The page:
Slow step after slow step, she padded up the stairs, allowing the curve of the banister to guide her direction. The sobbing grew louder the higher she climbed, but still she sensed no other living person in the building.

Daphne pressed herself against the wall once she hit the final three steps to keep out of sight of anyone or anything that might be around the corner. She preferred to be the one doing the catching rather than the one being caught.

She peered around the wall. The dim light of the streetlight spilled into the hallway from the west-facing rooms, the glow revealing nothing but shadows and cracks in the walls.

The sobs became lost in a flurry of rising whispers that carried notes of curiosity and fear. The faint voices held a trace of emptiness, a sense of time and distance she had come to associate with the speech of the dead.

Her heart hammering in her chest, Daphne pushed open the door to the first room. Nothing except for a cracked and dust-covered end table.

Now that she was here, she sensed the trail of someone else's magic — a green power she didn't recognize. It was faint, nearly undetectable, but she wasn't the only life form wandering the hospital's hallways tonight.

She stretched her empty hand toward the ground and twitched her fingers. Drawing from one of the most basic spells she'd learned as a child, she lifted the dust and dirt from the unwashed floor. It swirled in the air in front of her, dipping in and out of the pale beam from the streetlight.

With one eye on the dirt and the other on the still-empty hallway, she raised her hand and flicked her fingers at the wall. The moisture in the plaster from the leaking pipes and cracked windows drew close to her and rounded into droplets. The water mingled with the dirt, turning it into thick, wet clay. Another twist of her fingers and the end of the clay flattened and elongated, the edge narrowing into a sharp point.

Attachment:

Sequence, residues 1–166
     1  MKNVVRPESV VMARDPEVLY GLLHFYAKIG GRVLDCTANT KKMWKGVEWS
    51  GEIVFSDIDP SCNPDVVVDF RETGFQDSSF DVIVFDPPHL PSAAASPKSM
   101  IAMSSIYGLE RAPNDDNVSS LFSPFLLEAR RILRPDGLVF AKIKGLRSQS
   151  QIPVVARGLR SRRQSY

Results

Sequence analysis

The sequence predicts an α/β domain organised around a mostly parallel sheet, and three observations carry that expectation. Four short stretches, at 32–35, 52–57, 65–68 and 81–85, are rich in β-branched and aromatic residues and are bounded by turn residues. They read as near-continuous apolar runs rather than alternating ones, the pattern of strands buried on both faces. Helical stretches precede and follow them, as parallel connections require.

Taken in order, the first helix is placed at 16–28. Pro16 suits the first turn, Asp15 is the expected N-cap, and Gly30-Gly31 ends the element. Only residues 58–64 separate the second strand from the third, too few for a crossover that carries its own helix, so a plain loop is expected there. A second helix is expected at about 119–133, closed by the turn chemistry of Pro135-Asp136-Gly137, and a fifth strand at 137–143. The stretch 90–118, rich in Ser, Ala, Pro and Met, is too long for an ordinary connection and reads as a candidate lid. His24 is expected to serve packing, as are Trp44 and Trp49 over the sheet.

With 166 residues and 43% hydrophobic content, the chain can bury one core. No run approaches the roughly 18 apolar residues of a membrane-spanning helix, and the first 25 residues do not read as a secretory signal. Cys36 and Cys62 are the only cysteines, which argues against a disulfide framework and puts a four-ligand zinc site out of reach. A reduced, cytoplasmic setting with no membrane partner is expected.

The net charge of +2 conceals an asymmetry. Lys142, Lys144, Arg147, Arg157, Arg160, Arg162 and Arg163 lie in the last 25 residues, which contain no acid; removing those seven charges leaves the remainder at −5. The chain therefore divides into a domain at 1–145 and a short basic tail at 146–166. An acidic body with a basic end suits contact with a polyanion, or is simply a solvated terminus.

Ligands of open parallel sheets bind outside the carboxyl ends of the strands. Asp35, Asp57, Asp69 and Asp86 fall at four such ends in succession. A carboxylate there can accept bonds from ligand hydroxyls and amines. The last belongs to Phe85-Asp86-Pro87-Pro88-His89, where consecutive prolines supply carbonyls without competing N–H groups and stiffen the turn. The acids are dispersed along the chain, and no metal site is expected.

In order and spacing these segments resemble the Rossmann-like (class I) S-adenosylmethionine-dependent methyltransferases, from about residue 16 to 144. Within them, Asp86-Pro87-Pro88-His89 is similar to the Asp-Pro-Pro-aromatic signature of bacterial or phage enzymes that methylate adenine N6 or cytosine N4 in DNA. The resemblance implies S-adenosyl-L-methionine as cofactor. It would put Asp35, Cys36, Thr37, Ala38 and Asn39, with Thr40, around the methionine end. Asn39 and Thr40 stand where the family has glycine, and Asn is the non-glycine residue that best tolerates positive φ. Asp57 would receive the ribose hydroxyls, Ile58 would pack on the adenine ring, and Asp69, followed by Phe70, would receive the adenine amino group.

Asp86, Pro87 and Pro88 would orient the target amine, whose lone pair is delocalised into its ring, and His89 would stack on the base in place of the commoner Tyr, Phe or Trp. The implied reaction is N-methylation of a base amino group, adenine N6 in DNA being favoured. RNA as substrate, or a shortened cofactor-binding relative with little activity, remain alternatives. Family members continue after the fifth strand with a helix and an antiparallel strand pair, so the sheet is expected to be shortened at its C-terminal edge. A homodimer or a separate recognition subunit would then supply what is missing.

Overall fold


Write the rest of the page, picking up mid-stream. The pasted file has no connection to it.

After shaping the blade, Daphne drew the excess water out of the clay until it hardened. The makeshift knife wouldn't be strong enough to cut through anything too dense, but could still drive deep into any creature that tried to attack her.

Her magic flared in her veins, but she held it steady, refusing to let it take over. A soft ache thudded behind her right eye with the strain of holding her power back.

She crept down the hallway with her back to the wall, the knife hovering over her left shoulder.

The whispers grew to such a pitch that the ache behind her right eye became a demanding throb.

More imprints passed by her before fading into the dust in the air. The water-stained walls stretched on either side of her, interrupted at regular intervals by dark wooden doors, some open and others sealed shut on rusted hinges.

Seeing no purpose now in keeping her presence hidden, she switched her flashlight back on and cast the beam over the walls. As the light passed over the floor, it revealed two sets of footprints, one large and one small, cutting through the thick layer of dust on the hardwood planks.